Financial health: Protect personal credit score
Saturday, January 16, 2016
Identity theft is the fastest growing crime in America. It affects the rich and the poor and it can even affect your children.
Unfortunately we usually do not know we are victims until the harm has been done to our credit history, our bank accounts and our good names. It is important to take steps to prevent that harm in the first place.
The first step is that everyone should check their credit report annually. Making such a check is free with each one of the three reporting agencies, Equifax, Experian and TransUnion. If you select a different reporting agency every four months, you are assured to pick up a problem — such as someone stealing your credit — when it is small, rather than a major, credit casualty.
The best way to undertake this check is by using the site www.annualcreditreport.com, which was established by the Amended Fair Credit Reporting Act. It is free and each agency must provide your report.
This check does not include your credit score. To get the numeric reflection of your credit, you generally have to pay a fee.
Checking your report can help you discover if someone has already absconded with your good name, accessed your credit history and probably obtained a credit card or worse in your name.
However, the best protection may be to act before your identity is stolen. A security freeze is a voluntary block an individual may place with a credit reporting agency (Equifax, Experian, TransUnion) that prevents an identity thief from opening a new account or getting credit in your name.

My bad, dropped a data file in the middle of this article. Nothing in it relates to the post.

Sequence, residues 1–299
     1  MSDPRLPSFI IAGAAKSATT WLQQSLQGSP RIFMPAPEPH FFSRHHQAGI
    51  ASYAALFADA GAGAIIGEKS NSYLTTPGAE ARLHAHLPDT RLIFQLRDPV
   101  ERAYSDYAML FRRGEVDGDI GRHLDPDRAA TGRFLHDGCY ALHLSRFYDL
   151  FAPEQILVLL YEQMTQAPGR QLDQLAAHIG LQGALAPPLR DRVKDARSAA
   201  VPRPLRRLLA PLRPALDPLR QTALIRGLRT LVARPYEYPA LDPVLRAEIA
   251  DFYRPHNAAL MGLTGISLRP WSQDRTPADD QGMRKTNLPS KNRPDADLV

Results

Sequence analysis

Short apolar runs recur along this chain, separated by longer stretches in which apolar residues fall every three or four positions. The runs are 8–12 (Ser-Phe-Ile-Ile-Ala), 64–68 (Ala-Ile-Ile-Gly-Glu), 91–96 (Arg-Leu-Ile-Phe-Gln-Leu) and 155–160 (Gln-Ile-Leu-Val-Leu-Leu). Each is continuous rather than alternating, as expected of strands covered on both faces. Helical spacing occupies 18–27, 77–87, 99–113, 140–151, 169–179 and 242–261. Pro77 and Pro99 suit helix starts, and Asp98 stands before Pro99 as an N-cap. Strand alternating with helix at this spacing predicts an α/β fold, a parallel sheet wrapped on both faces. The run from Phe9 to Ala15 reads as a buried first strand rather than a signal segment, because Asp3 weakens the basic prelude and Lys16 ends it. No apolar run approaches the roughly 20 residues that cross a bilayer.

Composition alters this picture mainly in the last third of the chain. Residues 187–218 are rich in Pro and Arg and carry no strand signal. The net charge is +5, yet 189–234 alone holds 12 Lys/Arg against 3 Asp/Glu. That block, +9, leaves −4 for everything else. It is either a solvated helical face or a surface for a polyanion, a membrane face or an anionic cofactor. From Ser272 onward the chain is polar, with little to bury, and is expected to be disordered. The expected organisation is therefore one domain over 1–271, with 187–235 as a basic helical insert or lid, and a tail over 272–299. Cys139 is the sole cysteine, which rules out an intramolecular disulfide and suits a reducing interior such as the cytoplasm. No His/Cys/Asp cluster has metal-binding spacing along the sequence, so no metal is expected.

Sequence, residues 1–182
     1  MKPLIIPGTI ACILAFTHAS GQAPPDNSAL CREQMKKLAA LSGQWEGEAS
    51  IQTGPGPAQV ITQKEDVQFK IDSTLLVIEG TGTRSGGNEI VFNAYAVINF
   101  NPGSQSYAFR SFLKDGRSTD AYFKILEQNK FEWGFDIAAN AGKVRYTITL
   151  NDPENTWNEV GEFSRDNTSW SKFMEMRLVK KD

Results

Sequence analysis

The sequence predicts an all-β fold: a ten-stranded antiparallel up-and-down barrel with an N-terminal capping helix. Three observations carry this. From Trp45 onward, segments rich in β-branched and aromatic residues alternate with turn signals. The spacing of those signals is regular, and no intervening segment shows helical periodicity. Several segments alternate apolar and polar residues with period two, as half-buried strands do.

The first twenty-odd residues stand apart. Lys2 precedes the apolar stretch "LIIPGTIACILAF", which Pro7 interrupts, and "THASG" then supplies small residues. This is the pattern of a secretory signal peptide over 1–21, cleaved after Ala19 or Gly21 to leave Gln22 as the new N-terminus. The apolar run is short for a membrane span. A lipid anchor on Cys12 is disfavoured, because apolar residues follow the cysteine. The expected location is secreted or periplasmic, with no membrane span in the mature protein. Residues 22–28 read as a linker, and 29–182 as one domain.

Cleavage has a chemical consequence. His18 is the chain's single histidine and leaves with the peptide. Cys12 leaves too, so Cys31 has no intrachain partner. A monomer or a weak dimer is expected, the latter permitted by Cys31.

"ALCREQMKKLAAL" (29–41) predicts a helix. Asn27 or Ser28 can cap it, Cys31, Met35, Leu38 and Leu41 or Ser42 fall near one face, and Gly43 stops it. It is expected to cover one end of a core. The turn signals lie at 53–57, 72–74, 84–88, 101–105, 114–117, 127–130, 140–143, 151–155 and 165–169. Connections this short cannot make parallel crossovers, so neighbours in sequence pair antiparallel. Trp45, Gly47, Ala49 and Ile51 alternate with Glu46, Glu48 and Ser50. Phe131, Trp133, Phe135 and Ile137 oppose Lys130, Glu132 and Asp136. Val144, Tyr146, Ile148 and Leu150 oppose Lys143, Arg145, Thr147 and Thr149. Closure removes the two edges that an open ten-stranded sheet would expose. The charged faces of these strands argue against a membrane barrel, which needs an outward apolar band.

One of the best ways we can protect ourselves is to place a security freeze on each of our three credit reports with the major reporting agencies. This can be done online in less than five minutes per site and is free.
The agency will have your credit locked down within 24 hours. If you need to unlock your credit to apply for a new credit card, buy a car or a home, you just go back to the sites and unlock your credit while your requesting company does the credit check. Afterwards, you should relock it.
The easiest method for putting in place a security freeze is by using the North Carolina Department of Justice website http://www.ncdoj.gov/freefreeze . On this page, you will use the online form utilized to lock your credit with each agency.
Once you access the form, you must enter your name, address, date of birth and social security number. You set up a PIN to allow you access. This must be done three times — one for each site.
Afterward you can sign up for CreditKarma, which will tell you they cannot access your credit because it is locked.
To lift the freeze, use the same form from the N.C. Department of Justice site and enter your PIN. Your credit may be accessed by the person or bank you chose. Just be sure to remember to lock it back down afterward.
The third thing you should do to protect your identity is to be careful with it. Do not give your personal information freely. Always question any site that requires you to give personal info including your passwords. Think before you type.
Store your passwords and PINs in a safe place. Regularly change your passwords and be sure they are difficult to detect.
Remember your credit score (credit report) is your No. 1 financial asset and the portal for not only borrowing money but also for jobs and even insurance. Put a security freeze in place and make sure your credit rating is protected.
Wanda Naylor is a member of the Department of Finance at East Carolina University. Contact her at NAYLORW@ecu.edu.